Copenhagen’s “Trampoline House” got its bouncy name because it aims to give refugees streaming into Denmark a jump start into Danish society. It provides services like Danish and English lessons, and classes on the country’s immigration policies.

But a new conservative government in Denmark means budget cuts will impact the center, or even close it.

“We lost 60 percent of our budget. It will affect almost all projects, since we lack ability to cover basic needs such as rent, salaries, heating,” Trampoline House co-founder Morten Goll said.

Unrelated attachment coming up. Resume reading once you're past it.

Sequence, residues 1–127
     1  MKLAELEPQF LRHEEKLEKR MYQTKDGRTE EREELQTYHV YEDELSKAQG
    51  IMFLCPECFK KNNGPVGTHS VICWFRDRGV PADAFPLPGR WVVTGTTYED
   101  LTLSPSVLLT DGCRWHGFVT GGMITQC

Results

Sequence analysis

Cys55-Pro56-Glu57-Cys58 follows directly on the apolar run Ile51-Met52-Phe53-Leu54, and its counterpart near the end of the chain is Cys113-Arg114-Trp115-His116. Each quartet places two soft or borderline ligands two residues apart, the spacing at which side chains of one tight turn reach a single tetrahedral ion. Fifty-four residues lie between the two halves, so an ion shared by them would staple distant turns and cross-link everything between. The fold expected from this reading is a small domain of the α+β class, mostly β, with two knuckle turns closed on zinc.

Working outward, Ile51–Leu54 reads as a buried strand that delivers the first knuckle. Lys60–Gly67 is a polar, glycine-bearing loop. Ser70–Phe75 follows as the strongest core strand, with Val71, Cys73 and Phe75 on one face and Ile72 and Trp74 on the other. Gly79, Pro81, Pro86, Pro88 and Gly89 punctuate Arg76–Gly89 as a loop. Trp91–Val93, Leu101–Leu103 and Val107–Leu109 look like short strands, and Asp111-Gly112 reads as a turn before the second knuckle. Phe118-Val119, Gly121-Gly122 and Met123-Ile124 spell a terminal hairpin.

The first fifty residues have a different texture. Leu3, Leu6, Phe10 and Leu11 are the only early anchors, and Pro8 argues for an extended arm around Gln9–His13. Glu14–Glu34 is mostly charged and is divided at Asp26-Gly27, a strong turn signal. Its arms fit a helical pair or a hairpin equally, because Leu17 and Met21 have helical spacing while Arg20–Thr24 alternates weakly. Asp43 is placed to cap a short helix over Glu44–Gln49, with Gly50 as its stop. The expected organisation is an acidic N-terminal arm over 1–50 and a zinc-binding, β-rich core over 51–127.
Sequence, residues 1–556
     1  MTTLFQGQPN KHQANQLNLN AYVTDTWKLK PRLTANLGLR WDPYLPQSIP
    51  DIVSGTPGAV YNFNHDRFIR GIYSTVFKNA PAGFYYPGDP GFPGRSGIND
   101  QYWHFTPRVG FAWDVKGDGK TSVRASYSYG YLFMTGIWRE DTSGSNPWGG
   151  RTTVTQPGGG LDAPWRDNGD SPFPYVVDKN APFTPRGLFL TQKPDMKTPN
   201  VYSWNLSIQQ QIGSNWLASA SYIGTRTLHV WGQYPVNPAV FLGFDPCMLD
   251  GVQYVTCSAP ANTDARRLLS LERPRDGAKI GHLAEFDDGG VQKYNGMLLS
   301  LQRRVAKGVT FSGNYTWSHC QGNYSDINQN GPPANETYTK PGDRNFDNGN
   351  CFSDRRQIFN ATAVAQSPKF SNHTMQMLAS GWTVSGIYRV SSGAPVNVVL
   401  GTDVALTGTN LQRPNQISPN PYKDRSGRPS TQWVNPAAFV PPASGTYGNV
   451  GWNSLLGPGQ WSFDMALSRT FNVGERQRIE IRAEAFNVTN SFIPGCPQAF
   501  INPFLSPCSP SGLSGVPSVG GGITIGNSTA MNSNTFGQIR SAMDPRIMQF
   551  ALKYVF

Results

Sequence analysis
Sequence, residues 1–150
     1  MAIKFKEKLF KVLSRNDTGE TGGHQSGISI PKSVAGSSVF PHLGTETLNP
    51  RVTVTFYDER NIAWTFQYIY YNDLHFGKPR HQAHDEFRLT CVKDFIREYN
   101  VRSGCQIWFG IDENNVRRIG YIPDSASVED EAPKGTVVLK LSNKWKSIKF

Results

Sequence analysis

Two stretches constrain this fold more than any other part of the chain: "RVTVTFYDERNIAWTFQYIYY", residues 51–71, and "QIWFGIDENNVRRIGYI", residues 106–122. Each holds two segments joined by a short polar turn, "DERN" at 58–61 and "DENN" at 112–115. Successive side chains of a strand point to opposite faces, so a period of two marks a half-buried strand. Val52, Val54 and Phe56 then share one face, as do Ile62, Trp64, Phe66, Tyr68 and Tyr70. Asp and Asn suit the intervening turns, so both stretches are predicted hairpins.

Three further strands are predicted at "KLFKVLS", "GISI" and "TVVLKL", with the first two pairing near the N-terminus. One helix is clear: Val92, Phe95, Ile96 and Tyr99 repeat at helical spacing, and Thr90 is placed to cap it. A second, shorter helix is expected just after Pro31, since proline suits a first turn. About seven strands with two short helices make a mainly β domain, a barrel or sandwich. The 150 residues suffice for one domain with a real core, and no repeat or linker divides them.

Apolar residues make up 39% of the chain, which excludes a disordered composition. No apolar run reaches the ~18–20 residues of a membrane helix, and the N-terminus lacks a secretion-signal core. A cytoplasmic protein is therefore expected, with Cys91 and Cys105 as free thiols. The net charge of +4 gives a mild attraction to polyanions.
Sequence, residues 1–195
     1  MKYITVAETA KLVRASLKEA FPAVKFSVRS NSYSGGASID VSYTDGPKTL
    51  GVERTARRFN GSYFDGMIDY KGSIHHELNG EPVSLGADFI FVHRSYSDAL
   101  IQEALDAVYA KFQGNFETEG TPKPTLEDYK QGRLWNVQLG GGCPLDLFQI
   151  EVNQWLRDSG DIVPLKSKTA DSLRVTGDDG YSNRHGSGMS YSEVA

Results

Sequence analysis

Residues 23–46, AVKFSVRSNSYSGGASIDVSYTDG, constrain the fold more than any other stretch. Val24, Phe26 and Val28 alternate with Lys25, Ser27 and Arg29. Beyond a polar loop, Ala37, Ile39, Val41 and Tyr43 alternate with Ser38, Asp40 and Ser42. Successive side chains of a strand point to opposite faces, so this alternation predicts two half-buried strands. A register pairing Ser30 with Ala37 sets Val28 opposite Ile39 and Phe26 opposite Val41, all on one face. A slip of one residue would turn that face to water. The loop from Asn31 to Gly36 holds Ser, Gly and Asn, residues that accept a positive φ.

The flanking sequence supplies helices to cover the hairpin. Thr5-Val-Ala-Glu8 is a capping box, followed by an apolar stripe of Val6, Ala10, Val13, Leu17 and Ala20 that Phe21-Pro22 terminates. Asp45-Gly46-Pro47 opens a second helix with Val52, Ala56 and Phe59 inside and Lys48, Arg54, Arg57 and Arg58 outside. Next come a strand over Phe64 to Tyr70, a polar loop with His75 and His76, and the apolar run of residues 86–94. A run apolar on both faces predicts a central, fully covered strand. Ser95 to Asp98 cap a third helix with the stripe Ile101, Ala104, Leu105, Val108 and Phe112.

Goll is “working around the clock to secure alternative funding.”

He hopes to receive donations from private citizens and foundations, but faces an increasingly harsh stance toward refugees entering the country.

“The challenge is that the political climate is quite hostile to refugees and asylumseekers,” Goll said.

Videographer Cameron Robertson toured the center and spoke with Goll and the refugees who have come to rely on its services.

AD
AD